Weight Gain During Menopause
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Did You Know?
Up to 64% of American adults are considered either overweight or obese.
As women approach menopause they endure many symptoms, but one that proves the most difficult for many women to accept is menopausal weight gain. Not only can a few extra pounds (or maybe more) ravage a woman's self-esteem and self-image, but weight gain can usher in a host of health concerns that put a woman at risk of developing life-threatening conditions.
About 90% of menopausal women experience some amount of weight gain. Although weight gain is a natural and common aspect of getting older, there are ways to reduce it. Women who are educated about this symptom are more likely to find ways around the typical spare-tire waist or extra inches here and there. Continue reading to learn more about weight gain, its causes, and treatment options.
About Weight Gain
Weight gain takes place when an individual increases her body mass, whether as a result of fat deposits, additional muscle tissue, or excess fluid. However, weight gain associated with menopause typically involves increased amounts of fat around the abdomen.
On average, women gain between 12 and 15 pounds between the ages of 45 and 55, the stage in life when menopause typically occurs. This extra weight generally does not evenly distribute itself throughout a woman's body. The weight tends instead to accumulate around the abdomen, and women often notice the shape of their bodies slowly lose their hour-glass figure and begin to take on a rounded shape. Read below to learn the common symptoms associated with weight gain during menopause.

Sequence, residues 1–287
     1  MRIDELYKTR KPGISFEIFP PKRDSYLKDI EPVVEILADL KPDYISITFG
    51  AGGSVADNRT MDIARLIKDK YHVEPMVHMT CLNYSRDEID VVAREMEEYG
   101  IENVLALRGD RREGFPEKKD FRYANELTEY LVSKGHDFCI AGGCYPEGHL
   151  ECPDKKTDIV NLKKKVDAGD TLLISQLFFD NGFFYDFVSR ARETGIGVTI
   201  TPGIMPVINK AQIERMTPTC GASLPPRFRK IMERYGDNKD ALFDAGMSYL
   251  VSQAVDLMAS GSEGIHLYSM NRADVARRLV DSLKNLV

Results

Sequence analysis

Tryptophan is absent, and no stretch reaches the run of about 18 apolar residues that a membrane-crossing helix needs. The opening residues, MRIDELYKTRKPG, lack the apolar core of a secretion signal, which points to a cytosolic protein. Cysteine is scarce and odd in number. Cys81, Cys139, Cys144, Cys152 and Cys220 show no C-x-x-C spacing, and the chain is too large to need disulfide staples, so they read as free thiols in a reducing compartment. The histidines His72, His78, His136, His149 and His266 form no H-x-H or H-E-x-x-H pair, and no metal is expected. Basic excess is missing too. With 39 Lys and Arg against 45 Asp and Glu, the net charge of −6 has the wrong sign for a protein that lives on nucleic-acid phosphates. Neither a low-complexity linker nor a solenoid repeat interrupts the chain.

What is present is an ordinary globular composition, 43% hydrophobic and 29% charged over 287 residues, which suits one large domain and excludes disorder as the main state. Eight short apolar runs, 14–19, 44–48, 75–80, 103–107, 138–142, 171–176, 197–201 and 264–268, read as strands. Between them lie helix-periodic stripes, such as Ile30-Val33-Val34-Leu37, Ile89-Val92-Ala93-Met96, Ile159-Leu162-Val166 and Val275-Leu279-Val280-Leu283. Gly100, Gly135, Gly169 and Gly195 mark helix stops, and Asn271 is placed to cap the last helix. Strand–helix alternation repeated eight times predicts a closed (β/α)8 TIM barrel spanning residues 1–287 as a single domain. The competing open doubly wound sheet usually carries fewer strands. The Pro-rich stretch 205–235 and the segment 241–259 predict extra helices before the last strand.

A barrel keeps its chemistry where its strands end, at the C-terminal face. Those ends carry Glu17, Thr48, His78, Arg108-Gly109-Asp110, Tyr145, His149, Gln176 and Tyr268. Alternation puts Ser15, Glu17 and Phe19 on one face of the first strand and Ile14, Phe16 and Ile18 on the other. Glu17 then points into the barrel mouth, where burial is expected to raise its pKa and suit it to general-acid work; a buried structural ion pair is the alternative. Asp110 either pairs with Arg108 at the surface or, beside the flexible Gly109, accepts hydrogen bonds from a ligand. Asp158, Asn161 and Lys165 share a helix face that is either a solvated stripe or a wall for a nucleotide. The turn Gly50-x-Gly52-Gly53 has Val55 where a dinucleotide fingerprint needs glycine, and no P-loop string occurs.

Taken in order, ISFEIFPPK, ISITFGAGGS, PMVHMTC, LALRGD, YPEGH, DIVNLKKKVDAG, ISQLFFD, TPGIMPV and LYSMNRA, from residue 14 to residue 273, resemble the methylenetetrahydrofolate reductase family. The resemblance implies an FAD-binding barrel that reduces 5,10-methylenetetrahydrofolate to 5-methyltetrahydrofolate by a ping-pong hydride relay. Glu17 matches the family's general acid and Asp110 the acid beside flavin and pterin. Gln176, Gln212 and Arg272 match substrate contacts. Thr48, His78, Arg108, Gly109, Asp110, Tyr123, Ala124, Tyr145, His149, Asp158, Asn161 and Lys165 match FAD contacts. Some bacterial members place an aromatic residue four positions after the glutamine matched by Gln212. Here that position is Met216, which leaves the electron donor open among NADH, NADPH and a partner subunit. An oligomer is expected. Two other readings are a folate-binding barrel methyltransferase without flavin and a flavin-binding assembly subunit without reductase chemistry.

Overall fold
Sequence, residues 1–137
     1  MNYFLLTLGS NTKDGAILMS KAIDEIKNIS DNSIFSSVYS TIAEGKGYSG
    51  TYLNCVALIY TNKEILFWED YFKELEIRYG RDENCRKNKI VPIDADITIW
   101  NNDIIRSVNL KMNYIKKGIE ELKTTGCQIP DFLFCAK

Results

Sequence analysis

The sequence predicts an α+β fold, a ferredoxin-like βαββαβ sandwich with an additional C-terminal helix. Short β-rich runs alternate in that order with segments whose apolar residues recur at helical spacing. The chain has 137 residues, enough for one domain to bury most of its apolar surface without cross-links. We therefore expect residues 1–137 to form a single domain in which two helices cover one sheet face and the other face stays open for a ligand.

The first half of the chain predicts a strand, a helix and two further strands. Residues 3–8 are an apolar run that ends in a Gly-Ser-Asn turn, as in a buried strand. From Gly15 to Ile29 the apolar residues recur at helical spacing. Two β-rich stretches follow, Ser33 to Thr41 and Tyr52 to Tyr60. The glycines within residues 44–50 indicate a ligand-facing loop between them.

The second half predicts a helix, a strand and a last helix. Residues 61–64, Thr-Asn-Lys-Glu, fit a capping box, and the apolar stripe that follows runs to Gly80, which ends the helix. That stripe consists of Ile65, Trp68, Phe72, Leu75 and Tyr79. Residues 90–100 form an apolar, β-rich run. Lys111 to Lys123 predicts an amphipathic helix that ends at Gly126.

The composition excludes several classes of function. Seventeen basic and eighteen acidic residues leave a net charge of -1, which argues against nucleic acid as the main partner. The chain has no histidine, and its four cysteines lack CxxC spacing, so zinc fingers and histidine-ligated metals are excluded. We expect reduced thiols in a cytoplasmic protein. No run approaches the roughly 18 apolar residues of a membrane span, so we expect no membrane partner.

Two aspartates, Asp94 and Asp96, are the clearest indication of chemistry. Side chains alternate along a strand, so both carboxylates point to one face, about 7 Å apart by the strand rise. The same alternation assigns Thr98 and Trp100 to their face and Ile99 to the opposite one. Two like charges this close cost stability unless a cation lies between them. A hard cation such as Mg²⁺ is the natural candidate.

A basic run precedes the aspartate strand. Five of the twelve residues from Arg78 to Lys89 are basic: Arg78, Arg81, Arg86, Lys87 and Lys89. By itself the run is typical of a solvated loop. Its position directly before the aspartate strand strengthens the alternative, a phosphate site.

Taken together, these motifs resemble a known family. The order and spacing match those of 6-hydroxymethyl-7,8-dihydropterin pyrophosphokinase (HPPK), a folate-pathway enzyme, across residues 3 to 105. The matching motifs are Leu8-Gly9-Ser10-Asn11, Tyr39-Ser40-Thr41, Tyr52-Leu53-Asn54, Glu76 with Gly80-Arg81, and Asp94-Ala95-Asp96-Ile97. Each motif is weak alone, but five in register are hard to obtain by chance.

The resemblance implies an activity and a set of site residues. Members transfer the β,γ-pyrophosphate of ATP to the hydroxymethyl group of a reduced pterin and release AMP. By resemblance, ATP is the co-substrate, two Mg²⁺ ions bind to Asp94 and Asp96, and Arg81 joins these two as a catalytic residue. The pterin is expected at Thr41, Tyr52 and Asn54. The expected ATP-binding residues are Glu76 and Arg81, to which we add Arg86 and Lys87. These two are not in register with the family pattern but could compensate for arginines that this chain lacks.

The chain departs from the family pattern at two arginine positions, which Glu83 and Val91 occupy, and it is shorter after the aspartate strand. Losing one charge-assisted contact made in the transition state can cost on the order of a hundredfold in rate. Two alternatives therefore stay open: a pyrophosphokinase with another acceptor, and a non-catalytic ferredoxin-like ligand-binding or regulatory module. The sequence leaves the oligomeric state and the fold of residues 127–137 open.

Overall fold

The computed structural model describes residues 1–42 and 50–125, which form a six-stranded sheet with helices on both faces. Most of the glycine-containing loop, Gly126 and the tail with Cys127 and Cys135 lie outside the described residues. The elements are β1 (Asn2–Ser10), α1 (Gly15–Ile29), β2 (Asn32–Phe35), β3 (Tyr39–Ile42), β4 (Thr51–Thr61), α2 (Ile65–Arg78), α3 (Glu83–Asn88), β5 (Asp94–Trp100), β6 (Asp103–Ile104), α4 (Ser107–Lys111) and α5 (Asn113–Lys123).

Symptoms of Weight Gain
Women generally know when they have gained weight and don't need to learn how to identify this menopausal symptom. Some of the indicators, however, are unique to weight gain associated with menopause. At the right there is a list of symptoms of weight gain during menopause.
Risks of Weight Gain
Weight gain during menopause entails more than just aesthetic concerns. Although no one enjoys looking in the mirror and seeing a softer, plumper body looking back, weight gain can lead to very serious health conditions that transcend visual displeasure. Several diseases and other conditions can spawn as a result of a body burdened with excess pounds. Here is a list of conditions weight gain can lead to:
Weight Gain and Breast Cancer
Women who gain in excess of 20 pounds after menopause increase their breast cancer risk by nearly 20%, but those who lose 20 pounds after menopause reduce their breast cancer risk by as much as 23%.
Heart disease, stroke
High blood pressure
Insulin resistance (increasing diabetes risks)
More severe menopausal symptoms
Click on the following link to learn more about weight gain, or continue reading below to learn what causes weight gain during menopause.
Weight gain is often reported as a symptom of menopause and, if it is not dealt with, can have serious effects on health. The causes are numerous and so it is important to be aware of possible personal triggers. This article is a guide to menopausal weight gain.
Weight gain in middle-aged women is a common trend, but it does not mean a woman should simply resign herself to this fate. Excess weight can cause health problems, so it should be avoided. This article explains why middle-aged women are more likely to gain weight and the health problems this can pose.
Causes of Weight Gain